This is Trina Scott (TS on GTAM) and John Reed (JohnCBR) talking at the gas stop. I'd met up with them earlier for a ride. More on that below.

Here's Ron (aka Fiji) in the middle, and Bambata (with his helmet on) on the far left.

A fellow rider (who has now identified himself as XLOR8T) is checking out Baby at the gas stop.

And here's Rodel (RVA 1), with his R6 at the gas stop. When I first filed this entry I'd tentatively identified him as Rob (G60), who'd introduced himself to me later and actually rides a grey GSXR. Rodel was kind enough to email the correction to me.

The tops of some of the trees are already starting to change colour that far north of Toronto. I guess summer really is over.

The route was pretty, tree-lined, twisty in spots and, if memory serves, had to cross only one intersection. The latter was fortunate, because the group was so large that we had to stop traffic (see shot above, also by djltoronto) to cross that intersection in order not to split up the group. Whoever planned the route (Aminal, I suspect -- more on him below) did a good job.

What made it particularly outstanding was that the purpose of the ride was to end up at a barbecue hosted by a couple with the nicknames Aminal (yes, Aminal, not Animal) and Fozzy. Aminal, a long-time member of the GTA boards and (I can now attest personally to this) a fantastic chef, had extended the invitation to anyone who was a registered member in good standing of

That's incredibly brave, considering there are more than 15,000 registered GTAM members. Aminal told me this is the 8th year he's done this.

Look at the fantastic food Aminal and Fozzy prepared. Note how the salad is sitting in a specially crafted gas tank in the middle! And there was lots of food for vegetarians, which is quite rare at barbecues.

Here are some of the fellas at the barbecue. In the rear of the shot, on the far right end of the tent, is Bambata and Ron (Fiji), in that order.

And I found a shot that captured Lynn, the elusive lil red bird -- that's him, the tallest one in the middle in the background ('lil bird, indeed!), talking to the host and hostess (in the foreground), with his husband Shawn sitting beside him. Don't know the details, but Shawn's still recuperating from a car/bike accident three years ago. He was on the bike. When lil red bird saw me taking snaps with my Nikon Coolpix 995 he grinned, nodded and pointed to his camera -- identical!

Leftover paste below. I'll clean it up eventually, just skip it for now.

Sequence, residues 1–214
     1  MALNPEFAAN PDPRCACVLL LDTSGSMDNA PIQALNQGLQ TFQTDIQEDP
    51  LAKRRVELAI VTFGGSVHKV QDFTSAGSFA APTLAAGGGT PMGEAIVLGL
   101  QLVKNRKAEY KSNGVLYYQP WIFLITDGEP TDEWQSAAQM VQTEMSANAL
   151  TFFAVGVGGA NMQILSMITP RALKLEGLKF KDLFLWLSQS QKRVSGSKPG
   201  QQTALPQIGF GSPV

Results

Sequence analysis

I'd had to miss the annual ride and barbecue with my Southern Cruisers chapter while I was in Oregon visiting my friend Kevin for the first two weeks of September, so this was a treat.

Here's our host, hard at work at his barbecue, feeding a lot of hungry boys (and gals -- there were eight women with bikes on the ride).

This next one is of Fozzy, Aminal's bride, giving out "Fozzy prizes" to guests with the oldest bike, the smallest bike, the bike that had to come the farthest to get to the barbecue, etc. Fozzy was a very generous and enthusiastic hostess.

When we got to Aminal's house in Midland, all the bikes -- even tightly packed at a diagonal to the curb -- took up every parking spot on his side of the street for an entire block. The space had to have been reserved -- Aminal and Fozzy must be incredibly good friends with their neighbours! If you click on the image (as with most of them on this blog) you'll get a bigger picture that shows more detail. Some very nice bikes here.

You can see Baby better in this lineup -- to the right of the driveway.

While we were taking pictures of all the bikes, Ron (aka Fiji) told me that an event such as this could never be held in his neighbourhood. His neighbours once called the police to complain when he came home with two of his friends and his friends parked their bikes on the street. Ron had already moved his bike into his garage when the cops arrived. There's nothing illegal about parking on the street (although some streets have postings limiting how long you can park), so it's interesting that the police would have responded to such a call, I said. Ron shrugged. I wonder if his neighbours equate bikes (even sport bikes?) with some kind of gang activity? Kind of odd, I thought.